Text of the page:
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  9.  23
    Approaches to Suffering at the End of Life: The Use of Sedation in the USA and Netherlands: Table 1.Judith A. C. Rietjens, Jennifer R. Voorhees, Agnes van der Heide & Margaret A. Drickamer - 2014 - Journal of Medical Ethics 40 (4):235-240.
    Background Studies describing physicians’ experiences with sedation at the end of life are indispensible for informed palliative care practice, but they are scarce. We describe the accounts of physicians from the USA and the Netherlands, two countries with different regulations on end-of-life decisions regarding their use of sedation.Methods Qualitative face-to-face interviews were held in 2007–2008 with 36 physicians , including primary care physicians and specialists. We applied purposive sampling and conducted constant comparative analyses.Results In both countries, the use of sedation (...)
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  10.  22
    Continuous Sedation Until Death: The Everyday Moral Reasoning of Physicians, Nurses and Family Caregivers in the UK, The Netherlands and Belgium.Kasper Raus, Jayne Brown, Clive Seale, Judith Ac Rietjens, Rien Janssens, Sophie Bruinsma, Freddy Mortier, Sheila Payne & Sigrid Sterckx - 2014 - BMC Medical Ethics 15 (1):14.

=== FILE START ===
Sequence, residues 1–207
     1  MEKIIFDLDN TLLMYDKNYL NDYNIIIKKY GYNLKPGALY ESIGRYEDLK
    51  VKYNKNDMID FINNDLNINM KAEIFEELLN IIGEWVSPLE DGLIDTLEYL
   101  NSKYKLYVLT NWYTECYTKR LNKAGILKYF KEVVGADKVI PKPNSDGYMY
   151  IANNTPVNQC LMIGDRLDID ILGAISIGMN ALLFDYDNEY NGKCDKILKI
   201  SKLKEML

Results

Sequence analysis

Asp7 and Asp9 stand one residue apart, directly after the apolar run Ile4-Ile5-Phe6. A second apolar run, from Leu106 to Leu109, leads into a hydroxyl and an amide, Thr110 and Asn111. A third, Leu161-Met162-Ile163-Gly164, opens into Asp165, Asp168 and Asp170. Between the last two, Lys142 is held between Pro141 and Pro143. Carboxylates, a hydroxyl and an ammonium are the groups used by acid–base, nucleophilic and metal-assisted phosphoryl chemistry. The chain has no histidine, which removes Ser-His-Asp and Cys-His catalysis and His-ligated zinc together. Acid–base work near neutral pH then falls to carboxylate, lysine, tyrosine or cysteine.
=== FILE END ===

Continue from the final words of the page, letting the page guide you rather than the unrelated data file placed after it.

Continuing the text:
Continuous sedation is increasingly used as a way to relieve symptoms at the end of life. Current research indicates that some physicians, nurses, and relatives involved in this practice experience emotional and/or moral distress. This study aims to provide insight into what may influence how professional and/or family carers cope with such distress.